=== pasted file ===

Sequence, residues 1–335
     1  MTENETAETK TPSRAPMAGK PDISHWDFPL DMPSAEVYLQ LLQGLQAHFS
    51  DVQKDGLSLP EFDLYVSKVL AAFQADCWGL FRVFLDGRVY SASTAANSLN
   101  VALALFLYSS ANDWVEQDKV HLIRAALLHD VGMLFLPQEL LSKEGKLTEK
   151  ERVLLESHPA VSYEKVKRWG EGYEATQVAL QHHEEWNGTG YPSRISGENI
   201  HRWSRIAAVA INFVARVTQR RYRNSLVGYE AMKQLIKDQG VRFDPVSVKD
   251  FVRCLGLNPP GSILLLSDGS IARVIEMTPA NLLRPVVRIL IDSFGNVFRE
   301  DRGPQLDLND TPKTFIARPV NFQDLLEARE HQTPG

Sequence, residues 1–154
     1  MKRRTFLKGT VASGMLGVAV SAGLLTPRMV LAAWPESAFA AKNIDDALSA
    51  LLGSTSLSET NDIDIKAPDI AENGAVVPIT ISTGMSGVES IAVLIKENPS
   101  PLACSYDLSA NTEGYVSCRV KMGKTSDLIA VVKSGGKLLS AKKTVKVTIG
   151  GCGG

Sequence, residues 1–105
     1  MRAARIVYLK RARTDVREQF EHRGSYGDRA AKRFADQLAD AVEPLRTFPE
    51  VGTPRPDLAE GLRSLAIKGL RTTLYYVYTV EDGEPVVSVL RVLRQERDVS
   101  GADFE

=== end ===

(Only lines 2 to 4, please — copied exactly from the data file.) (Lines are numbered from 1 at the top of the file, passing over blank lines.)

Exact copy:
     1  MTENETAETK TPSRAPMAGK PDISHWDFPL DMPSAEVYLQ LLQGLQAHFS
    51  DVQKDGLSLP EFDLYVSKVL AAFQADCWGL FRVFLDGRVY SASTAANSLN
   101  VALALFLYSS ANDWVEQDKV HLIRAALLHD VGMLFLPQEL LSKEGKLTEK